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Industry 4.0: The Future of Manufacturing? Chip Making Joins the 21st Century by Dick Selwood

Elsewhere in the world, Industry 4.0 is likely to be something that you vaguely recognize. Its exact definition is open to debate; many writers and commentators are not in agreement, but, to a large extent, defining it is irrelevant to what is actually happening.

Firstly - Why 4.0? It is argued that we are on the verge of the fourth industrial revolution. The first, the one we learned about in school, was driven by steam power, which allowed factories employing hundreds of people to replace artisans in small workshops and provided steam hauled trains to move raw materials and finished goods in large quantities over long distances. The second was electrically driven, and it saw the assembly line evolving to create ever-higher volumes of production. The widespread use of digital computers and robots is arguably the third industrial revolution.

And, if Industry 4.0 is the fourth industrial revolution, what are its components? Viewed in some lights, it is simply the application of the industrial internet of things. Other terms used include "The Smart Factory" and "Connected Industry." And people talk about cyber-physical systems and machine learning.

One aspect of Industry 4.0 that appears frequently in the broader literature is the use of big data and analytics. A briefing piece from Consultants McKinsey describes how a car maker analyzed the use of its on-line configurator (you know – the thing you play with to build your ideal car) and the actual purchasing data to see what options customers were prepared to pay for. Using this information, it reduced the options offered on one model to only 13,000. (I love the "only.") By contrast, a competitor offered 27,000,000 options on a similar model. Doing this allowed the car company to reduce development time and production costs "dramatically" (McKinsey's word). Other companies in the process industries are able to use data to increase process yields by significant amounts.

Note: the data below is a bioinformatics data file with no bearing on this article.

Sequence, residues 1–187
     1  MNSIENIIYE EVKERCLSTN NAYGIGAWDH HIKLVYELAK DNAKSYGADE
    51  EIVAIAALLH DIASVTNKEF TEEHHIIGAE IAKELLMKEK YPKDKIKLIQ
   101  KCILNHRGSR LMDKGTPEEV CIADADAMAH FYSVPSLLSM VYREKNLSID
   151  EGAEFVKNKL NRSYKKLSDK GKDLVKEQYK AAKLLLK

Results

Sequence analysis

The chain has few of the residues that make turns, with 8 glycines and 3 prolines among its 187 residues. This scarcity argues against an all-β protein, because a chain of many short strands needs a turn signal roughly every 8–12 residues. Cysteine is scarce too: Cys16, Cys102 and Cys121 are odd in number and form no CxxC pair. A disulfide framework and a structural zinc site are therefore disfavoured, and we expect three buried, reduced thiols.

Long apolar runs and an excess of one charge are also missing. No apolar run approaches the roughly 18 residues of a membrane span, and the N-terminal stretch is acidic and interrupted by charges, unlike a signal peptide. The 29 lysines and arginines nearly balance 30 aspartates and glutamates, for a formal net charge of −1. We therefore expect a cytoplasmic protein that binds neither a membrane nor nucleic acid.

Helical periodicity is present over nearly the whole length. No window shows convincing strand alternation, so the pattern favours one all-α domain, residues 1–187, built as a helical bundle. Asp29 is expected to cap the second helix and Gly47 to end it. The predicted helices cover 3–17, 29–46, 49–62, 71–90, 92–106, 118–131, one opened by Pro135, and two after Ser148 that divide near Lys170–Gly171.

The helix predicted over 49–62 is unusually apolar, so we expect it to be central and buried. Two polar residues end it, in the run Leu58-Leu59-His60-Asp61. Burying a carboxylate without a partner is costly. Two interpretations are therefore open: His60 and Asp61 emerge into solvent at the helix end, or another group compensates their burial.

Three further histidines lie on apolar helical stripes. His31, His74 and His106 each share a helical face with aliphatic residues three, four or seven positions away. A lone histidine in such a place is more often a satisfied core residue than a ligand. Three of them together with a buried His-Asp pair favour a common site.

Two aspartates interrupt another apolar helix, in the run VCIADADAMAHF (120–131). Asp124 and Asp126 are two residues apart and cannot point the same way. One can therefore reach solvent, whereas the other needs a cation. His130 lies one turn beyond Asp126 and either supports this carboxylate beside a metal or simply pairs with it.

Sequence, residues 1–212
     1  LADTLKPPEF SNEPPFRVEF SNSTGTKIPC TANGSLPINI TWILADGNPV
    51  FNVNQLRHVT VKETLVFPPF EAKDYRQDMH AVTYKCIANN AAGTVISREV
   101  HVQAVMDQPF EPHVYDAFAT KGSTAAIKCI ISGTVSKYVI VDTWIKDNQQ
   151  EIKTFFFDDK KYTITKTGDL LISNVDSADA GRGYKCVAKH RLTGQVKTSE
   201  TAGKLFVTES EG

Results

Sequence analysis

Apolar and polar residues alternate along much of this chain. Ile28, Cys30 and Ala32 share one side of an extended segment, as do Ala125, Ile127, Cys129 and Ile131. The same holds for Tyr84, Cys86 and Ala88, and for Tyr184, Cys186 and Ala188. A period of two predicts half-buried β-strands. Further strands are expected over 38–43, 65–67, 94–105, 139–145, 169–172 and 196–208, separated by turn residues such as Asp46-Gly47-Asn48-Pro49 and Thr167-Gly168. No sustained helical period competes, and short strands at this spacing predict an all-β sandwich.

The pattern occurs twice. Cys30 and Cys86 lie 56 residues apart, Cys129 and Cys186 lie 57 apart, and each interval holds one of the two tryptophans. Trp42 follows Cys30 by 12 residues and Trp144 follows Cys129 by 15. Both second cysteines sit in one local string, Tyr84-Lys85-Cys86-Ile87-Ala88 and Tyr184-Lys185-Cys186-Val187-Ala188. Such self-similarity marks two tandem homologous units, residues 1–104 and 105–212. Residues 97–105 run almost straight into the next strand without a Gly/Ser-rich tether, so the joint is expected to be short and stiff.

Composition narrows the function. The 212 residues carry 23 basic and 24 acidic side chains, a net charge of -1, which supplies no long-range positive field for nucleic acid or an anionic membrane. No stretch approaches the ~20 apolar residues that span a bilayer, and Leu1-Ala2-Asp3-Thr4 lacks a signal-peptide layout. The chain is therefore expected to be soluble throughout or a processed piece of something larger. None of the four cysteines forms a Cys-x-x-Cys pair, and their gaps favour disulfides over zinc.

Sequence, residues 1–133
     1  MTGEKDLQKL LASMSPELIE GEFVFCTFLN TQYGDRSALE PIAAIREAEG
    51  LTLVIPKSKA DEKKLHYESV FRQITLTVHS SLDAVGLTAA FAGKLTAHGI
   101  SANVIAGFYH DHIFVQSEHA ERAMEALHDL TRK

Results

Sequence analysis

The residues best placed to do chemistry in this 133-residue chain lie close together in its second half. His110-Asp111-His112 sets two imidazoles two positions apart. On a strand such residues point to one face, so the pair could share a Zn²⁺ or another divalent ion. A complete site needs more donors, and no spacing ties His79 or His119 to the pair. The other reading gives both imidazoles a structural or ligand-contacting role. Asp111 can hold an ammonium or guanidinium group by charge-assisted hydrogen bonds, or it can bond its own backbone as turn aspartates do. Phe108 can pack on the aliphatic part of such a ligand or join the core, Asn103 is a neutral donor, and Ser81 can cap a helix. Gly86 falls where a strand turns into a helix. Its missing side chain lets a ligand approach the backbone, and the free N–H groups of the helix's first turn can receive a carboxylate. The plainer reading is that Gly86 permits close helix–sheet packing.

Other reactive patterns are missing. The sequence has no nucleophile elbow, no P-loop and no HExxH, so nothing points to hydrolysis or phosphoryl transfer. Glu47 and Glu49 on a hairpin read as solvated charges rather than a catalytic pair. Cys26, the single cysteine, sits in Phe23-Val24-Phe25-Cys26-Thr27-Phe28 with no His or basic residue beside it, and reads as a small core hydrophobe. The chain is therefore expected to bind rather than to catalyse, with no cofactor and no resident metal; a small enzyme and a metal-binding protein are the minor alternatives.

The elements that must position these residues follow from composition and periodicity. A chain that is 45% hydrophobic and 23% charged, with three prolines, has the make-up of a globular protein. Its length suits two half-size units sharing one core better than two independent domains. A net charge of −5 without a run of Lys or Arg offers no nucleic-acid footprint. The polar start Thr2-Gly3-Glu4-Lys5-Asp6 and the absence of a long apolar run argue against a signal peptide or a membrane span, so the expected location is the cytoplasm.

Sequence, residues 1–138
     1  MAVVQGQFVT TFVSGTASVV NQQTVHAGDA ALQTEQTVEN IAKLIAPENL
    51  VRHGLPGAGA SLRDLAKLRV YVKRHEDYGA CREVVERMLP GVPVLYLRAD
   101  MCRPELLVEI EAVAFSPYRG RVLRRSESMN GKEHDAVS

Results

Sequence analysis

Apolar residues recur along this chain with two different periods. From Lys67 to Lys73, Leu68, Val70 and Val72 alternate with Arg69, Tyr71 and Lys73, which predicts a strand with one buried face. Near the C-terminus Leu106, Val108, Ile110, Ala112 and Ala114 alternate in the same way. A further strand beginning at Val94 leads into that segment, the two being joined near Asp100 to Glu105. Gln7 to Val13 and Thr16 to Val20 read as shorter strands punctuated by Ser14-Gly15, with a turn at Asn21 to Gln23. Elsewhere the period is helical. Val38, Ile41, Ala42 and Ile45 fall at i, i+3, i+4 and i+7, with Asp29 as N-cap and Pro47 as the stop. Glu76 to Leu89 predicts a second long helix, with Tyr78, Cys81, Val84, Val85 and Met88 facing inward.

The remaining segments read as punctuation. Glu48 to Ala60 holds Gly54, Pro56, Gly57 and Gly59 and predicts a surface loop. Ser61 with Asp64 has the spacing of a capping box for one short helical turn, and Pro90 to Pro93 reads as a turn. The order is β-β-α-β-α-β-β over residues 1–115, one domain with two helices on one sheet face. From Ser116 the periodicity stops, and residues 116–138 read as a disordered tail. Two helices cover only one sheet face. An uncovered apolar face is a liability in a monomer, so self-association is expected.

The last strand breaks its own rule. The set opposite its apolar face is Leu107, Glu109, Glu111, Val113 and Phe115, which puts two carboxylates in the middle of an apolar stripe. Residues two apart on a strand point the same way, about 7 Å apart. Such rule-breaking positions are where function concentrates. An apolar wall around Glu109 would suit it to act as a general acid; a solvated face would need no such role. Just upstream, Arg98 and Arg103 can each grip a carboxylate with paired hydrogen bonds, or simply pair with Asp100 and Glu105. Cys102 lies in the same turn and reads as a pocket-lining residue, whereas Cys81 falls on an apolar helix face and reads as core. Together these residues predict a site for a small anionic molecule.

Another aspect is that all the members of the supply chain can communicate without human interaction, making Just-in-Time work at multiple levels. Linked to this is the use of individual product identity, using markers like bar codes or RFID tags, to get a better understanding of, and perhaps improvement to, production flow.

The definition of Industry 4.0 that Bosch presented is:

Fusion of the physical world of production with the virtual world of information technology and the internet.

Humans, machines, objects and systems are connected via ICT (Information and Communication Technology) and the internet, and they communicate in a dynamic, real time optimized and self-organized way.

In these intelligent production systems, all instances of the added value chain, from the supplier of logistics to the customer, are connected across the company.

The industrial production can implement individualized customer requests on the well-known high-quality level, while reaching higher flexibility and robustness, as well as optimal resource allocation.

Despite natural concern over the broader geo-political situation, there was a very positive vibe amongst those present, and there seems to be optimism over the growth of semiconductor manufacturing.

WKB is driving the German think tanks to revolutionize the Industrial horizon via Smart factories and Advanced Machine & human interfacing to give a boost to the Make in India vision of the Dynamic PM of India. WKB will open platforms for exchange of information, technologies and latest research and advances via Transformational workshops, Exhibitions and Tech shows.